These and other embodiments which characterize the invention are pointed out with particularity in the claims annexed hereto and forming a part hereof. However, for a better understanding of the invention, its advantages and objectives obtained by its use, reference should be made to the drawings which form a further part hereof and the accompanying descriptive matter, in which there is illustrated and described embodiments of the invention.
A detailed description of the invention is hereafter described with specific reference being made to the drawings in which:
As is depicted in the various
As indicated above, the present invention is embodied in a variety of forms. In at least one embodiment, such as for example in the embodiment depicted in
In the embodiment shown, crimper 10 is provided with a plurality of stent reducing members or blades 12 which define a stent reduction chamber 14 into which a stent or other medical device 16 is positioned in order to reduce the stent 16 from an unreduced diameter state, such as is shown in
Blades 12 may be constructed from one or more metals, polymers or combinations thereof.
As is shown in
In order to maintain the fluid pressure necessary to form the fluid bearing 20, the open ends 32 of the chamber 14 may be provided with one or more removable end seal members 34, such as is shown in
In some embodiments fluid 22 is injected into the housing 18 through one or more ports 24. In at least one embodiment, at least one port may be opened following the crimping process to allow the fluid 22 of the fluid bearing 20 to be purged from the chamber 14.
In some embodiments the fluid 22 is a fluid or combination of fluids including, but not limited to air, carbon dioxide, water, nitrous oxide, nitrogen gas or any other fluid for use in forming a fluid bearing 20 between two surfaces. In at least one embodiment fluid 22 is a bead-like substance that acts in the manner of a ball bearing. In some embodiments fluid 22 may remain on the stent surface post loading.
In some embodiment fluid 22 not only provides the fluid bearing 20, but where the fluid is cooled or is provided with a sufficiently low temperature, the fluid also acts to maintain a stent 16 constructed of a shape memory material, such as for example nitinol or other shape memory metals or polymers, in a martensitic state, thereby inhibiting the stent composition form transitioning to an austenitic phase. In some embodiments the fluid is cooled to a predetermined temperature sufficient to provide the stent with a phase transformation from austenitic state to martensitic state. In some embodiments the temperature is sufficient to reach the Mf of Nitinol or other material from which the stent is constructed. In at least one embodiment the temperature of the fluid 22 is about −60° to about −80° Celsius. In an embodiment where the stent 16 is constructed of one or more polymers the fluid 22 has a temperature of just below the melting point of the polymer material.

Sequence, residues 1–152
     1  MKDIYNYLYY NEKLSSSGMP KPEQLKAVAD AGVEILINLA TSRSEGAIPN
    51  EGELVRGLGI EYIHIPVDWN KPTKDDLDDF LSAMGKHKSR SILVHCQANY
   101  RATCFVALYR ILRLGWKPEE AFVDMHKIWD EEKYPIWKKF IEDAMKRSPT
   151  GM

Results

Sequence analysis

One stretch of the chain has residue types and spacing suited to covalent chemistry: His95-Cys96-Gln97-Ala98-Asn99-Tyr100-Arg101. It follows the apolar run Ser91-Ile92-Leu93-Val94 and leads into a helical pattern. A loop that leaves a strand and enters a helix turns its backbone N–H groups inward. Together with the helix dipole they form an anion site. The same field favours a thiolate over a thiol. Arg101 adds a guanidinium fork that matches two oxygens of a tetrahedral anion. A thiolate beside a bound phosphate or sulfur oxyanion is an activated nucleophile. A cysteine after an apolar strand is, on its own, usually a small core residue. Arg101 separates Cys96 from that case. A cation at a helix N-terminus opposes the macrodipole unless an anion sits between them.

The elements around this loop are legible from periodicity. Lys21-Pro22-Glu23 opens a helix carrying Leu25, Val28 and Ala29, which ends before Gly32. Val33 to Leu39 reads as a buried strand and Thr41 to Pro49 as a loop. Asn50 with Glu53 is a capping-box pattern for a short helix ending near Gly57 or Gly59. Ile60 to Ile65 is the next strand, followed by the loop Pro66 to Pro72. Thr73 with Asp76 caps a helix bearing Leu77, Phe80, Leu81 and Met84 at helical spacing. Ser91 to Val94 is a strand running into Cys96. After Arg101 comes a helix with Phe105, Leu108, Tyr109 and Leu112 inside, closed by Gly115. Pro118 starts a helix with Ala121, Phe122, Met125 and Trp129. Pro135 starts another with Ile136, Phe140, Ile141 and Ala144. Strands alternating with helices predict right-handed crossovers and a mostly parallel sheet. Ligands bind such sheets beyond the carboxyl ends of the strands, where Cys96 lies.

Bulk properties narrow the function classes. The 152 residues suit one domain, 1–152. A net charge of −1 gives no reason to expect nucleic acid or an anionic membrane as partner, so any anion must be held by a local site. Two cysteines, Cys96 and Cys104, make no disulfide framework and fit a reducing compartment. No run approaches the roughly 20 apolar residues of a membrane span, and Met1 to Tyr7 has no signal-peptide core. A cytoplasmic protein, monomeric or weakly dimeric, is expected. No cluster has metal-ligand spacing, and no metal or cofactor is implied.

As indicated above, fluid 22 is injected into the chamber 14 through one or more fluid passages 26. In some embodiments, fluid passages 26 may be defined by the space 28 between longitudinally displaced blades 12 such as are shown n
As indicated above, the use of fluid 22 in forming a fluid bearing may be used in a variety of crimpers 10. In the embodiment shown in
As is shown in
As is shown in
The catheter receiving region 54 of the stepped diameter chamber 14 has a greater diameter than the stent reducing region 56. In at least one embodiment the inner diameter 58 of the catheter 50 is at least as large as the diameter of the stent reducing region 56 of the chamber 14. When a catheter 50 is engaged to the crimper 10 in the manner shown in
In some embodiments, some examples of which are depicted in
In the embodiment shown in
In at least one embodiment, such as is shown in
In such an embodiment the fluid 22 a is cooled air, liquid nitrogen (nitrous oxide) or another suitable coolant.
In some embodiments, one or more blades 12, the mandrel 40 and/or the fluid 22 and/or 22 a by be imparted with an ultrasonic or other form of vibratory energy in order to further facilitate minimization of the frictional interface between the stent 16 and the crimper 10 or any of its components.
In at least one embodiment the stent 16 as shown in any of the various
A therapeutic agent may be a drug, a non-genetic agent, a genetic agent, etc. Some examples of suitable non-genetic therapeutic agents include but a re not limited to: anti-thrombogenic agents such as heparin, heparin derivatives, urokinase, and PPack (dextrophenylalanine proline arginine chloromethylketone); anti-proliferative agents such as enoxaprin, angiopeptin, monoclonal antibodies capable of blocking smooth muscle cell proliferation, hirudin, and acetylsalicylic acid; anti-inflammatory agents such as dexamethasone, prednisolone, corticosterone, budesonide, estrogen, sulfasalazine, and mesalamine; antineoplastic/antiproliferative/anti-miotic agents such as paclitaxel, 5-fluorouracil, cisplatin, vinblastine, vincristine, epothilones, endostatin, angiostatin and thymidine kinase inhibitors; anesthetic agents such as lidocaine, bupivacaine and ropivacaine; anti-coagulants such as D-Phe-Pro-Arg chloromethyl keton, an RGD peptide-containing compound, heparin, antithrombin compounds, platelet receptor antagonists, anti-thrombin antibodies, anti-platelet receptor antibodies, aspirin, prostaglandin inhibitors, platelet inhibitors and tick antiplatelet peptides; vascular cell growth promoters such as growth factor inhibitors, growth factor receptor antagonists, transcriptional activators, and translational promoters, vascular cell growth inhibitors such as growth factor inhibitors, growth factor receptor antagonists, transcriptional repressors, translational repressors, replication inhibitors, inhibitory antibodies, antibodies directed against growth factors, bifunctional molecules consisting of a growth factor and a cytotoxin; bifunctional molecules consisting of an antibody and a cytotoxin; cholesterol-lowering agents; vasodilating agents; and agents which interfere with endogenous vascoactive mechanisms, and any combinations thereof.